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Republican Gov. Henry McMaster and Democratic state Rep. James Smith meet in a South Carolina governor debate on Thursday, October 25, 2018 at Greenville Technical College. Lauren Petracca/Staff

GREENVILLE — For the final time before the Nov. 6 election, Republican Gov. Henry McMaster and Democrat James Smith squared off Thursday night, splitting on a host of issues that the winner of the governor's race will face.

In the second and last debate between the two top-of-the-ticket contenders, Smith, a state representative from Columbia, cast McMaster as "clearly the defender of the status quo" who puts politics over people.

McMaster called Smith a "liberal Democrat" who risks pushing away the large businesses that have come to the state in recent years.


As he has throughout his two years on the job, McMaster again called for lowering the state's taxes — a central tenet of his campaign — and said he is specifically planning to target a $52 million cut in the tax that businesses pay into the unemployment fund.

Countering McMaster's description of Smith as a tax-and-spend liberal, Smith said he has not proposed any new tax increases during his campaign for governor.

Smith pointed out all of the tax increases that have taken effect during his 22 years in the Statehouse were sponsored by Republicans, like the gradual 12-cent per gallon gas tax increase that passed last year over McMaster's veto.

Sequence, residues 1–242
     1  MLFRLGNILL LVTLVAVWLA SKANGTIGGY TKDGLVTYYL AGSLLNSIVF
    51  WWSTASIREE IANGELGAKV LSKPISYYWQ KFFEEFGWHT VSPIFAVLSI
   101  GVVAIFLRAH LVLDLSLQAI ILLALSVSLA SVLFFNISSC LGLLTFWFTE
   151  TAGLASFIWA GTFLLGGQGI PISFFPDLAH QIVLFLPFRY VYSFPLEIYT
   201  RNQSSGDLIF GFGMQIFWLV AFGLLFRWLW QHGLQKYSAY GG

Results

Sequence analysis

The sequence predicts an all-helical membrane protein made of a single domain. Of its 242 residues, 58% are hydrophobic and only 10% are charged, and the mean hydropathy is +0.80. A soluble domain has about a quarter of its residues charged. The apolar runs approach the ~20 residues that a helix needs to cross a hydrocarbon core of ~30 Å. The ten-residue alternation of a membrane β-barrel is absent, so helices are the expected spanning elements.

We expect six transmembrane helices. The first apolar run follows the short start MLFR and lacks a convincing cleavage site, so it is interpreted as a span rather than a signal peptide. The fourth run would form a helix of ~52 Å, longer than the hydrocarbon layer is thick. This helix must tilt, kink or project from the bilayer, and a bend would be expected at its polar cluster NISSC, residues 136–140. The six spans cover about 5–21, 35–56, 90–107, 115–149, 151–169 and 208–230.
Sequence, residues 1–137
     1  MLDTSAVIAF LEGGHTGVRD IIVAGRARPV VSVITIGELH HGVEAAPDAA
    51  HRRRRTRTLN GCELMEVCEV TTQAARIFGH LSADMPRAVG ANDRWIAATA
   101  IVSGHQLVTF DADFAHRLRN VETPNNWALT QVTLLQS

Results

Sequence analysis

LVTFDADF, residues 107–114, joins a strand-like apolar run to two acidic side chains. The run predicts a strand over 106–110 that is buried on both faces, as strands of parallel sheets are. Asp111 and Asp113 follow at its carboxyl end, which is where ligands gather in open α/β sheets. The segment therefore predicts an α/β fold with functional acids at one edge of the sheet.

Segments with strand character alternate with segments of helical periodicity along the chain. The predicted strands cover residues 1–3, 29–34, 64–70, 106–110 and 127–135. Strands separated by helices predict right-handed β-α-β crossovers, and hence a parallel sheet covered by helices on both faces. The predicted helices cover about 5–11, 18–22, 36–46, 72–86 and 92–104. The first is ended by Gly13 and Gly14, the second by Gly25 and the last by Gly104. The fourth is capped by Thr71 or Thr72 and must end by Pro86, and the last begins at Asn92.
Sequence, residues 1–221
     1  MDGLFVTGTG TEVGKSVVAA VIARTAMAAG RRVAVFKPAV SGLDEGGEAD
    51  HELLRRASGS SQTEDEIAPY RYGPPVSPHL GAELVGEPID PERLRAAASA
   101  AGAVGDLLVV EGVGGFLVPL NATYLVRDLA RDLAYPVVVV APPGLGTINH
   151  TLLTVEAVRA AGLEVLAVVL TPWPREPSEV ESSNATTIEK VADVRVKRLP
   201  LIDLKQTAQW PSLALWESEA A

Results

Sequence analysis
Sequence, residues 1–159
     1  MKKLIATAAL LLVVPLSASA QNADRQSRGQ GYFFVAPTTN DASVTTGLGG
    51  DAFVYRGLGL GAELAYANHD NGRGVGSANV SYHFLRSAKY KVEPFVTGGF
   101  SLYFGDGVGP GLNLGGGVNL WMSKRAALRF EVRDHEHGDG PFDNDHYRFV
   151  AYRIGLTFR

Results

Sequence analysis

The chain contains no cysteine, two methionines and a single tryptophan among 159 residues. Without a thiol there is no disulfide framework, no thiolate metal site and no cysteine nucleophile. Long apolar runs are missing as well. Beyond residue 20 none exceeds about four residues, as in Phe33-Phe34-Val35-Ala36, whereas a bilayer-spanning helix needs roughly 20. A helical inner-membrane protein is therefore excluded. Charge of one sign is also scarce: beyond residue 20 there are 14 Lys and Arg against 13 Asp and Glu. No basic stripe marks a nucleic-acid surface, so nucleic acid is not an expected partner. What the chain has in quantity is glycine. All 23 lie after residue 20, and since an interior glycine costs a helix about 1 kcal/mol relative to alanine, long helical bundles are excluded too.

Both candidates have called for all of the costs from the state's failed nuclear project to be returned to ratepayers, but they differed on which of them would be more likely to get it done.

"The bottom line is this: With Henry in charge, the system that is broken has not changed," Smith said, calling for more investment in alternative energy sources like solar.

Smith described McMaster as "the utilities' candidate," a label the governor assertively rejected.

"I'm the one that brought everything to light about the shenanigans going on, not only with SCE&G or SCANA but also Santee Cooper," McMaster said, adding that he always insisted ratepayers should not have to pay for the failed project.

McMaster chided Smith for leaving before the final vote on the nuclear rate cuts, though he apologized for claiming that Smith voted for the 2007 law that kick-started the nuclear project and put ratepayers on the hook for the costs — Smith was fighting the Taliban in Afghanistan at the time of the vote.

Planned Parenthood

In the most heated series of responses of the night, Smith lambasted McMaster for what he called "quite possibly one of the most despicable acts" he's done in the office — vetoing millions of dollars in family planning funds from the state budget to prevent a fraction of it from getting to Planned Parenthood and an executive order halting Medicaid payments to the group.

After the veto, McMaster directed the state health agency to use surplus money to continue funding any family planning groups that do not provide abortions.

Faced with lawsuits over the ban, the state has already been forced to pay more than $17,000 in fees to lawyers, a price that is expected to rise significantly in the coming months and could top what Planned Parenthood receives in reimbursements.